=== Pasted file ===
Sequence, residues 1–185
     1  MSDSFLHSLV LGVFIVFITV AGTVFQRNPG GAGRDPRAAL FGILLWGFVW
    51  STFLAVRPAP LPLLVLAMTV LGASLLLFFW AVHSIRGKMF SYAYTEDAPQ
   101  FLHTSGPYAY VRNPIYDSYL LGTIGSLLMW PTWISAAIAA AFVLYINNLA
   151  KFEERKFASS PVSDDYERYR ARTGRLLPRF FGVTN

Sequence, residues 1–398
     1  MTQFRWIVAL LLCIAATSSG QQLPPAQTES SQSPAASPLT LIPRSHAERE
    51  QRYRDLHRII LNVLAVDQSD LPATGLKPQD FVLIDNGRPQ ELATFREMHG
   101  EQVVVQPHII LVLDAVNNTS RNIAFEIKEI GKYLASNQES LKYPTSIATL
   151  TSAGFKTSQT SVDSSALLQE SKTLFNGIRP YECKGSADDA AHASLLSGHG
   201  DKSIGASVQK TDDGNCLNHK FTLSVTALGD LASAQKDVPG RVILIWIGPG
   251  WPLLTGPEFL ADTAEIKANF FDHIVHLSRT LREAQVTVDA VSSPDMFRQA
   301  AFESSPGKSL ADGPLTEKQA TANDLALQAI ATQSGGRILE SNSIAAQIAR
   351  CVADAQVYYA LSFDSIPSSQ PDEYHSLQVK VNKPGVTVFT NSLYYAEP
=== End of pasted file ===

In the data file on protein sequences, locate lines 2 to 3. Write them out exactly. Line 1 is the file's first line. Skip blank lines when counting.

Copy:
     1  MSDSFLHSLV LGVFIVFITV AGTVFQRNPG GAGRDPRAAL FGILLWGFVW
    51  STFLAVRPAP LPLLVLAMTV LGASLLLFFW AVHSIRGKMF SYAYTEDAPQ